It was a newsworthy event: Elie Wiesel, whose widely-translated books helped preserve the memory of a European Jewry destroyed by the Nazi genocide, accompanied President Barack Obama to the U.S. Holocaust Memorial Museum on April 23. They were there for a Yom Ha’Shoah (Holocaust Memorial Day) observance. And Wiesel, a Nobel Peace Prize recipient, challenged the president, another peace prize laureate.
According to a Washington Times news article, “introducing the president to a crowd at the museum, Mr. Wiesel took issue with the administration’s handling of Syrian President Bashar Assad and Iranian leader Mahmoud Ahmadinejad. He wondered aloud why world leaders have not ‘learned anything’ from the Holocaust.”
“‘How is it that Assad is still in power?’ Mr. Wiesel asked. ‘How is it that the Holocaust’s No. 1 denier, Ahmadinejad, is still a president? He who threatens to use nuclear weapons – to use nuclear weapons – to destroy the Jewish state. We must know that when evil has power, it is almost too late.”
The daily Washington Examiner also reported on the Obama-Wiesel visit to the Holocaust Memorial Museum, though it treated the president’s appearance as campaign coverage (“Race for 2012: Obama faces tough test among Jewish voters,” April 24). It quoted the president as saying “‘Never again’ is a challenge to defend the fundamental right of free people and free nations to exist in peace and security – and that includes the state of Israel ….”
Both newspapers included photographs of Obama and Wiesel together at the museum.
Washington Post coverage took a different tack. It did not mention the president and Wiesel’s 30-minute tour of museum exhibits nor did it report the writer’s questions of the president. No mention was made of Iran’s threat to resume mass murder of the Jewish people.
Scott Wilson, Post White House correspondent and former Jerusalem bureau chief, explained that Obama’s museum visit and speech, and Wiesel’s remarks came in the context of a second-day story for The Post. The day before, a Wilson article had scooped the competition, disclosing the president’s new executive order targeting companies and individuals aiding the Syrian and Iranian government in their use of technology to suppress dissidents.
As a result, the reporter and Post editors focused on the president’s remarks that confirmed their April 23 scoop and excluded Wiesel’s challenge. Wilson, it should be noted, provided news media “pool” coverage for Obama and Wiesel’s 2009 visit to the site of the Buchenwald concentration camp. Wiesel had been imprisoned there as a boy and his father died in Buchenwald.
What to make of Washington Post editorial judgment in this case? No two editors see the news exactly alike. Judgment varies. The paper’s view of the president’s Yom HaShoah remarks at the U.S. Holocaust Memorial Museum as a second day story is explicable. But, given the timeliness of Iranian threats against Israel, Wiesel’s status as both a Holocaust survivor and, in the description of the Nobel Peace Prize committee a voice of conscience, and Obama’s acknowledgment of the threat against the Jewish state, The Post’s choice is not persuasive.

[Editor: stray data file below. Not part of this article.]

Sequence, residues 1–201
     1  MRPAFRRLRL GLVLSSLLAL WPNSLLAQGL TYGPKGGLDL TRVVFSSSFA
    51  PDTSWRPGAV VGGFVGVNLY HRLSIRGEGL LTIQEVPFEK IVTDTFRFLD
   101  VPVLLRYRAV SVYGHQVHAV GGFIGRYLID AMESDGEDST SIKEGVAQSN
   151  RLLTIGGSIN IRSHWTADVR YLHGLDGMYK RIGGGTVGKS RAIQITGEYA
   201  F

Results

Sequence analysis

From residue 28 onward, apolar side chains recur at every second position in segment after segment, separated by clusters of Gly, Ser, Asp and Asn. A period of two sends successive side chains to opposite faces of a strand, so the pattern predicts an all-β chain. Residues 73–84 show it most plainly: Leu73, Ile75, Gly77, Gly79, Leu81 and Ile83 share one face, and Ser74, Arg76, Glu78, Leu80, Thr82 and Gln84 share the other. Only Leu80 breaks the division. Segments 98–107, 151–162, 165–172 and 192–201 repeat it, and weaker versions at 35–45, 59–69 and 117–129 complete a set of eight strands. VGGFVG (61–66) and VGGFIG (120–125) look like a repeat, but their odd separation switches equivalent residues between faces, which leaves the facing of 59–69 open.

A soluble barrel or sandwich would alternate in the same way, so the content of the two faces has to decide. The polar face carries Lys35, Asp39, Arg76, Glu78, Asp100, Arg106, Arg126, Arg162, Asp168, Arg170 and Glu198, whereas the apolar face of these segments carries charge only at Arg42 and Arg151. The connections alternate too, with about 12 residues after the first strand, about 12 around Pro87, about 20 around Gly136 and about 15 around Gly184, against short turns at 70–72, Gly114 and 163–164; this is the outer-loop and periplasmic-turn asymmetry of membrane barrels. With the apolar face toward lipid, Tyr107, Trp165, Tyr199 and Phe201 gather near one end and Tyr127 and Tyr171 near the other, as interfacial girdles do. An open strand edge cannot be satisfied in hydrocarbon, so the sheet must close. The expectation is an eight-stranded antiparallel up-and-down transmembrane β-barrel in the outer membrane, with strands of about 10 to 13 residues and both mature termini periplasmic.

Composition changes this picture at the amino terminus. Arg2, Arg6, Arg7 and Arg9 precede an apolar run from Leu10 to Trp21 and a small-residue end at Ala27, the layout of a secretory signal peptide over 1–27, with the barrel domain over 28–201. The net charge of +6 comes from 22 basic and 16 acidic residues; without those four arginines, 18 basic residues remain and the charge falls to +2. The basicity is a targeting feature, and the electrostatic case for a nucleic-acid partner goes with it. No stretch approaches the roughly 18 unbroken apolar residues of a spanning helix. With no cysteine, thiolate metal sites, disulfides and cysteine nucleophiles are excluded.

The idea of an executive branch mechanism to anticipate and, if possible, pre-empt genocide, dates at least to 2009, when the U.S. Institute of Peace and the Holocaust Museum produced a report calledPreventing Genocide: A Blueprint for U.S. Policymakers. The study recalled the Nazi genocide of European Jewry, invoked the post-Holocaust assertion “never again!” and referred to mass murders in Kosovo, Rwanda, Darfur and elsewhere. Intended to help the new Obama administration recognize potential mass murders, it, like The Post’s April 24 coverage, strangely did not mention Iranian threats against the Jewish state.
Wilson’s article closed by quoting Michael Abramowitz, director of the museum’s Committee on Conscience. He said “the steps Obama outlined ‘are potentially – and I stress the word “potentially” – very important.’” But not as important now as Iran’s threat of genocide against Israel, which, among other things, directly violates the U.N. Charter. Hard to recall now, but the United Nations was established by the World War II Allies in large part to prevent future wars and attendant genocides like the Holocaust.
At the museum, the president asserted that “when faced with a regime that threatens global security and denies the Holocaust and threatens to destroy Israel, the United States will do everything in our power to prevent Iran from getting a nuclear weapon.” Even absent the well-reported tension between Washington and Jerusalem over just what the U.S. administration means by “doing everything within our power” and when, such presidential declarations certainly sound like news.
So do Wiesel’s additional comments, after reminding Obama that “We must know that evil has power. It is almost too late.” He then said, “Preventive measures are important. We must use those measures to prevent another catastrophe. And when other communities are threatened by anyone, we must not allow them to do what they intend doing.”
When it came to covering President Obama and Elie Wiesel’s Yom HaShoah visit to the Holocaust Museum and the remarks they made while there, The Post failed to provide readers the biggest news.